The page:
Marco Bellocchio's remarkable film, on the other hand, is not merely compelling -- to take only the opening scenes, the brilliantly staged introduction of Mussolini (in a theological debate, no less!) and the temporally intercut meetings between Ida and Benito in the midst of the socialist uprising boldly set the thematic stage for all that follows -- it is a tirelessly inventive and irreducibly theatrical presentation of obsession, power, politics, war, love, loyalty, sex, and a nation's descent into madness, as embodied by a single woman bent on the truth but confined to the madhouse. This -- to put it less breathlessly -- is history and cinema done right, precisely because Bellocchio does not avoid but instead appropriates the fact that history and cinema are themselves no more disentangleable today than they were then.
3. Mother (Bong Joon-ho)
After the goofy fun of 2006's The Host, I wasn't sure what to expect from Mother. But Bong Joon-ho, buoyed by Kim Hye-ja's astonishing performance, quickly upended my qualified expectations in this devastating tale of misplaced memory, filial sacrifice, society and disability, and the violence of disordered love. Like other films on this list, Bong asks us to answer honestly how far would we go for the sake of family and truth -- or, as it happens, with which would we side if we had to choose between the two. And given either choice, how would we find a way to live with ourselves?
The furious release and awful sadness of Mother's final, masterful scene encapsulates what Bong suggests to be the unavoidable consequences. Beautiful and tragic in each cascading moment spiraling out to the end, Bong Joon-ho's Shakespearean tale lingers and discomfits even as its gentleness endures in an ambling, staggering, upsetting sunset drive.
2. Toy Story 3 (Lee Unkrich)
Chuck Klosterman recently complained about adults critically lauding Toy Story 3 (which, as it happens, he has not seen) as one more sign of an already hyper-infantilized culture: kids' movies are for kids, and that's all there is to it. I of course beg to differ, but there are prior questions to be asked.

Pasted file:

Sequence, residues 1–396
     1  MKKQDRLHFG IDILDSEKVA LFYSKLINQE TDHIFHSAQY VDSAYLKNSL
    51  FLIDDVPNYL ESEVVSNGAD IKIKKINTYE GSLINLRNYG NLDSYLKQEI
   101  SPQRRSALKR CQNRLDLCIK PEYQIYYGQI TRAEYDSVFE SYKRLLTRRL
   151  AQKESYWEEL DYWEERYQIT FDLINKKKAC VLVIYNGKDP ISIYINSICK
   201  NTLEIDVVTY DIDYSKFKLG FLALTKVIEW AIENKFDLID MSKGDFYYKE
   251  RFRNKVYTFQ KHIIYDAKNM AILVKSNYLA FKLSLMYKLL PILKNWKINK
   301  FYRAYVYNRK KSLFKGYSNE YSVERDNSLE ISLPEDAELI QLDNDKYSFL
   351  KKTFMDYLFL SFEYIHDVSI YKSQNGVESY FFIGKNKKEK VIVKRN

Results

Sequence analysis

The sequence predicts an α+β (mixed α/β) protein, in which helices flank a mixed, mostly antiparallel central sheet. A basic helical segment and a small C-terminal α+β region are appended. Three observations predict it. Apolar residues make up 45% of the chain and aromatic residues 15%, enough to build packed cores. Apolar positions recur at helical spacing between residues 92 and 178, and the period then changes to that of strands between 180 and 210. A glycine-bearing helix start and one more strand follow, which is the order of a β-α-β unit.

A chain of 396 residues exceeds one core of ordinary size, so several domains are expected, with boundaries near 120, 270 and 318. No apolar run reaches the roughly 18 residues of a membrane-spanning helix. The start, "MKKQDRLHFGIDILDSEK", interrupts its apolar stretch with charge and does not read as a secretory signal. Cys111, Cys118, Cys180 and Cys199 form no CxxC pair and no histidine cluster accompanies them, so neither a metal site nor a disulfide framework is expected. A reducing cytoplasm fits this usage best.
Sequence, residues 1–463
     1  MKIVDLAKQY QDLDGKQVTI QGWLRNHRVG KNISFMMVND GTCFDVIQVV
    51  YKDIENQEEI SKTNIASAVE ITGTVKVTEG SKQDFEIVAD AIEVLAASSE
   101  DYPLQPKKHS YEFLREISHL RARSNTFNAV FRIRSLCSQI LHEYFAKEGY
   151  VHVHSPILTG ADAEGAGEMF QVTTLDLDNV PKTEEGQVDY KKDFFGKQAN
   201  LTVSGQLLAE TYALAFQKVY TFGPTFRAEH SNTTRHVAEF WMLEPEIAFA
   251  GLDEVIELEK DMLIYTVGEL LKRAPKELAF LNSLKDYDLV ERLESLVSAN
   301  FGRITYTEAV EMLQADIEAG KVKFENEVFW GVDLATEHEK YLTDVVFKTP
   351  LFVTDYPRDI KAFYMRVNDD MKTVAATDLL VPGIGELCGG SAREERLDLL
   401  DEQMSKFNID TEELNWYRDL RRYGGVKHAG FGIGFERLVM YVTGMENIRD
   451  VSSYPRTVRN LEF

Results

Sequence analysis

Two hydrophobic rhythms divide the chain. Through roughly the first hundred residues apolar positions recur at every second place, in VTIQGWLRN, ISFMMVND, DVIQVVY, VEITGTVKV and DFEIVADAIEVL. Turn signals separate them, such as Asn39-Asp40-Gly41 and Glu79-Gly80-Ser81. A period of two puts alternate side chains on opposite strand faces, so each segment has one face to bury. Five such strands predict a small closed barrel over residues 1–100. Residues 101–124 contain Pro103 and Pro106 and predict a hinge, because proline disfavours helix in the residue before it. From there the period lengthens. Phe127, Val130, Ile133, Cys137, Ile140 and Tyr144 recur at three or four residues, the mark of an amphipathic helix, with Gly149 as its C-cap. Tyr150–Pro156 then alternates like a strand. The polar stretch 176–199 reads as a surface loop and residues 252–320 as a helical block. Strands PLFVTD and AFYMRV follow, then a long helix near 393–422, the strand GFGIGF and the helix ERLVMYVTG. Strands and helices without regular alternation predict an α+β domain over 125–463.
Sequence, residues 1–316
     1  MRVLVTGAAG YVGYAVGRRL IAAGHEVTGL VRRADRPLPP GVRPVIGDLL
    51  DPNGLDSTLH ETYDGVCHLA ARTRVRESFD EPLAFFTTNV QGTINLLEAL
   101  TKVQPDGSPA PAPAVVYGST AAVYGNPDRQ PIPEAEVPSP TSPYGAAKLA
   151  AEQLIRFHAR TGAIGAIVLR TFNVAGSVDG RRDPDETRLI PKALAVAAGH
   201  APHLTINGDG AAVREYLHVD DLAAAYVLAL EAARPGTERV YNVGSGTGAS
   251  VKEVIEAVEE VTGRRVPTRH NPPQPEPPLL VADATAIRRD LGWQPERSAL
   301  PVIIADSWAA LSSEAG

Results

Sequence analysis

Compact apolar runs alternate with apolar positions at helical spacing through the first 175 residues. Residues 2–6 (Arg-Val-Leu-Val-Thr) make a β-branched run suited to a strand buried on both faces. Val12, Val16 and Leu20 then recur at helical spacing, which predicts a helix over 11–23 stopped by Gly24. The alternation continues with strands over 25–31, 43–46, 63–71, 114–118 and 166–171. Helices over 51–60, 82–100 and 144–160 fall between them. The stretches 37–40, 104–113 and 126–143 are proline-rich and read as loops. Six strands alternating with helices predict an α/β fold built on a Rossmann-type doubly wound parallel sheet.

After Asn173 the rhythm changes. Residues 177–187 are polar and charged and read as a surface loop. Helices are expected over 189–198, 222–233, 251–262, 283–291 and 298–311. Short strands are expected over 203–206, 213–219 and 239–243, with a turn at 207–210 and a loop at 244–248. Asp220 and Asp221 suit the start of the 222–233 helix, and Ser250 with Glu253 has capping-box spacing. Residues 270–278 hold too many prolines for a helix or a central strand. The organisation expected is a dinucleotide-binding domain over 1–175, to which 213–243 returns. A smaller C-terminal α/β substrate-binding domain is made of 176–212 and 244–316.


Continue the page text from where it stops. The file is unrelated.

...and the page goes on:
Why, for example, assume that Toy Story 3 is a kids' movie at all? Because it's animated? But animation is a medium, not content. Or is it because it "stars" children (or childish stuff)? But subject matter isn't a correlate of age or viewership; children and childhood are fine subjects for serious film. Or perhaps because it's made by Disney, and so is marketed to children? But I see no reason to allow the identity of a production company, much less the mindset of a faceless marketing team, to determine in advance the potential of a film's quality or audience.
In short, and more broadly speaking, the only reason Toy Story 3 wasn't on more year-end lists is because it is a sequel and an animated film. What its popularity and marketing resulted in masking is the fact that Toy Story 3 is one of only a handful of wholly satisfying and artistically integral conclusions to a traditional cinematic trilogy ever. (The one other of equal caliber is The Return of the King; on a different level, The Bourne Ultimatum, and in a different realm, The Good, the Bad, and the Ugly.) There is little else to add, except that the prejudices will wane, Pixar remains historically and unaccountably consistent, and Toy Story 3's status as a classic will solidify sooner rather than later.
1. Let Me In (Matt Reeves)
Who would have thought that an American remake of an internationally acclaimed Swedish horror film from just two years earlier, directed by the (ahem) less-than-acclaimed auteur of the found-doc monster flick Cloverfield, would not only avoid being an immediate DVD dustbin disaster, but would somehow result in an accomplished and impressive improvement on the original?
But that is just what happened with Let Me In, Matt Reeves' extraordinary adaptation of John Ajvide Lindqvist's 2004 novel Let the Right One In and creative remake of Tomas Alfredson's first adaptation of the same name in 2008. A poignant and affecting exploration of the brutalities of youthful belonging and the power of unconditional loyalty -- consequences be damned -- Let Me In somehow manages to cut the fat from Alfredson's already superlative original and add even further psychological depth and visceral terror. The film announces two notable arrivals: that of Chloe Moretz -- whose work here and in Kick-Ass, (500) Days of Summer, and now 30 Rock marks her as one of the most talented and diverse actresses working today period -- and that of Reeves, who has now proved himself unquestionably worthy of whatever material he decides to take up next.